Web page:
There's nothing like sprouting your own flowers from seeds. Though they take a little longer to spring into action than bedding plants, you'll have the pleasure of nurturing them from seedling to full splendor. And even if you're an impatient gardener you'll find these fast growing beauties well worth the effort.
Cosmos is a half-hardy annual with daisy-like flowers that grow 2-8 feet tall in maturity. Colors come in shades of pink, red, yellow, orange, scarlet, lavender, white and striped varieties. Cosmos enjoys average garden soil and a sunny location. Seeds can be started indoors about 6 weeks before the last frost or outdoors in early spring. Seeds will germinate in as little as 10 days, and flowers should appear within 6-8 weeks. As plants grow, they can either be staked or pinched back to encourage more blooms. Cosmos is drought resistant and will self-sow, freely, if given ample room to expand. Seeds can also be planted in early summer for a late-season bloom.
This fast sprouting annual, is a trouble-free, robust flower that grows easily from seed. Marigold colors include yellow, orange, gold, red and cream. "French' and African' varieties are common, and plants will bloom from early summer to frost, if spent flowers are removed continuously. Marigolds prefer full sun and fertile soil. Though seeds can be sowed indoors, they will do well when set directly into the ground in springtime. Seeds germinate in as little as 3 days, and flowers will bloom about 50 days from planting.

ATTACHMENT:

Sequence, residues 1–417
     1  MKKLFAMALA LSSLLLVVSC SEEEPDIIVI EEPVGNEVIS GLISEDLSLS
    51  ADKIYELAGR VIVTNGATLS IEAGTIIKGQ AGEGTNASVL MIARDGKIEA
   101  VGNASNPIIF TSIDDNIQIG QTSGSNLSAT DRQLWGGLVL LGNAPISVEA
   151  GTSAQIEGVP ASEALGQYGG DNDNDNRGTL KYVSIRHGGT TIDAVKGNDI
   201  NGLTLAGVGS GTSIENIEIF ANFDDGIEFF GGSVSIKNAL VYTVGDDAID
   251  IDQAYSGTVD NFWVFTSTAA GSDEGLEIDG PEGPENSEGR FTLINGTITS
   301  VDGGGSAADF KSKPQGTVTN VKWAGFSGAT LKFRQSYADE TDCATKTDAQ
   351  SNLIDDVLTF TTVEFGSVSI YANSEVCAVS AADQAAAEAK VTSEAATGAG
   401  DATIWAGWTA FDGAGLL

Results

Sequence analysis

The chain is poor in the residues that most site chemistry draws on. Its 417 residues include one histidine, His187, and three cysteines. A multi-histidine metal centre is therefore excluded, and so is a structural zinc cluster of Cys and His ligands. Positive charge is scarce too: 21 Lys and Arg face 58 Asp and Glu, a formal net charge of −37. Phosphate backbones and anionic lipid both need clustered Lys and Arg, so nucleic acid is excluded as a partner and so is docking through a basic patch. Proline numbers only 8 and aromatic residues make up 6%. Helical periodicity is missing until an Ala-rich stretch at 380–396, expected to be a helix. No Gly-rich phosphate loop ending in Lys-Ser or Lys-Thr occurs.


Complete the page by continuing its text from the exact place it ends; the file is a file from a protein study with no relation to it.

Nasturtiums are prized by gardeners because they grow quickly and require very little attention. What's more, the edible flowers and leaves can be added to salads or used as attractive garnishes. Dwarf varieties are popular in flower beds and come in shades of red, orange, maroon, yellow, gold and creamy white. Nasturtiums prefer full sun and sandy soil, but will produce over-sized leaves with too much fertilizing. Sow seeds in early spring when the ground is still cool. Sprouting will be visible within 7 days, and flowers should appear in about 2 months. Nasturtiums are hardy into the fall and will continue blooming until the first frost.
The bold, resilient sunflower will rise up to greet the summer sun like no other plant in your garden. The plants can grow up to 12 feet tall and produce large flower heads in shades of yellow, orange or red brown. Sunflowers come in annual and perennial varieties and bloom from mid-summer through early fall. They prefer full sun and average garden soil. Seeds should be sown directly into the ground in springtime. Sprouting will start within a week, and flowers will start blooming in 7-8 weeks. After the flowers begin to dry and turn brown, the delicious seeds can be harvested for eating or saved for planting next year.
Once the weather heats up, zinnias make their grand debut - adding fresh, bold color to any flower garden. Common strains grow from 8 inches to 3 feet and come in shades of orange, white, pink, salmon, rose, red and yellow. Seedlings do not like to be transplanted, so it is best to sow them directly into the ground in April or May. Zinnias germinate very fast, and you can expect to see sprouting within 6 days after planting. Flowers will start to appear in 6-8 weeks and will continue blooming through the hottest part of summer. Zinnias are susceptible to mildew, so water generously but avoid overhead sprinkling.
If you start seedlings indoors, set the containers outside for a few days before transplanting into the garden. This will give them time to acclimate to the weather. When you plan to sow seeds directly into the ground, make certain to space them according to the directions on the packet. Though it is tempting to set them close together, improper spacing will crowd mature plants and inhibit flower production.